The RRAS server will be easy to set up — the biggest hurdle you’ll
have to overcome will be installing and configuring the T1 cards so that
they work correctly. Plan on devoting some time to this process, especially
if you’ve never worked with voice cards before. And be prepared
for a call or two to the company for assistance. You’ll probably
also be quite engaged with your telephone company to make sure that the
hunt numbers work and the circuits are provisioned correctly. RRAS itself
is easy to set up to accept dial-up users.
You’ll set up the Terminal Services server with the applications
that are required by certain of the users. Your intent is to allow all
home users to run Office on their local machines. You’ll push antivirus
software updates to them via a script at logon.
Finally, you set up the NetMeeting ILS server and test.
The single biggest obstacle you as an administrator face is getting all
of your users to understand the complexity of becoming a telecommuting
user. They have to understand how to dial-up or connect VPN, how to recognize
when they’re connected, and how to perform some basic troubleshooting
in the event they think they’re not getting connected. You’ll
also have to train users how to utilize NetMeeting and Terminal Services
applications and, more important, how to virtually collaborate. Video
and audio are essentially out, especially over slow wires, because they’re
just too bandwidth-intensive. Users need to understand how to conference-call
in conjunction with their NetMeeting work.
Because users are running corporate applications from the server, they’ll
be satisfied with the performance, even if they’re dialing up.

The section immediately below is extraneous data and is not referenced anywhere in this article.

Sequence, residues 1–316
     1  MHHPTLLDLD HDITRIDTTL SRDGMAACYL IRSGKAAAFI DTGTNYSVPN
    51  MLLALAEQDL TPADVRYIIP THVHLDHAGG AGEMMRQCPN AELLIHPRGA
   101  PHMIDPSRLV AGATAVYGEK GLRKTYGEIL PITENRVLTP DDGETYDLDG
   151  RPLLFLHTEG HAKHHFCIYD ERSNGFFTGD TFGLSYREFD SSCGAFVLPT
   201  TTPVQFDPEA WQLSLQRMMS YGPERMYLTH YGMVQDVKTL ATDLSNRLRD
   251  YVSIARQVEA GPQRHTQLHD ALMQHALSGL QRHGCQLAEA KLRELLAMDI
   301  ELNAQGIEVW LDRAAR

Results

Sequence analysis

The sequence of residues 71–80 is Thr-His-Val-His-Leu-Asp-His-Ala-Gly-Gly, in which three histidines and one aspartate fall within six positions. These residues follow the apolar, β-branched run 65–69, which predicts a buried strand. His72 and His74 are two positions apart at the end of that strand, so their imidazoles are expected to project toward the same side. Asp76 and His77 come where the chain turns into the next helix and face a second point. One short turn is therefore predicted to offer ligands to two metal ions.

As an administrator, you’ll be faced with tons of technical challenges.
Among them: Configuring all of the server components so they work as advertised;
troubleshooting home user problems; making sure that name-resolution is
happening correctly; assuring that users are NATted correctly and maintaining
high security on the network.
Can this be done? Yes, there are lots of companies heavily involved in
virtual collaboration and telecommuting. Windows 2000 Server and Windows
Server 2003 give you greatly enhanced tool sets from which to develop
your telecommuting environment.
You report back to Ruben: You need about $50,000 for the project and
the company will incur an additional $600/month in T1 circuit charges.
You estimate that you’ll need a month of configuration and testing
time in the new location. Additionally, there’ll be some downtime
as you swing the two, older T1 circuits from the old site to the new.
The upside? The company can send ninety-five of its employees home permanently
and save thousands of dollars a month in office lease expenses in the
long term. It's almost that simple.